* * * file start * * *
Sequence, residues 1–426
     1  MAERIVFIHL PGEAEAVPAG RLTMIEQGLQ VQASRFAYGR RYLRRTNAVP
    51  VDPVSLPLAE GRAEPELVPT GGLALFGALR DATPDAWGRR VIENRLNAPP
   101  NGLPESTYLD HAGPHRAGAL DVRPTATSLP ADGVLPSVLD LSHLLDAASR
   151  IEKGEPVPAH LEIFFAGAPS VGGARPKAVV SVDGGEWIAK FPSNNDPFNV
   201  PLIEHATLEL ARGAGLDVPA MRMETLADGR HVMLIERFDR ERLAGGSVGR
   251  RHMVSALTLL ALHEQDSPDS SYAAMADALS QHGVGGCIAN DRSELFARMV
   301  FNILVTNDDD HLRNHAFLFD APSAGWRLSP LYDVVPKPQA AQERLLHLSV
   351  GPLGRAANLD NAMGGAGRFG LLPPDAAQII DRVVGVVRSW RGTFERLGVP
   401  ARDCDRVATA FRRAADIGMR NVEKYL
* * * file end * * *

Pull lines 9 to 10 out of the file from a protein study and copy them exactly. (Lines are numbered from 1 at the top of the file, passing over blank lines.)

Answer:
   351  GPLGRAANLD NAMGGAGRFG LLPPDAAQII DRVVGVVRSW RGTFERLGVP
   401  ARDCDRVATA FRRAADIGMR NVEKYL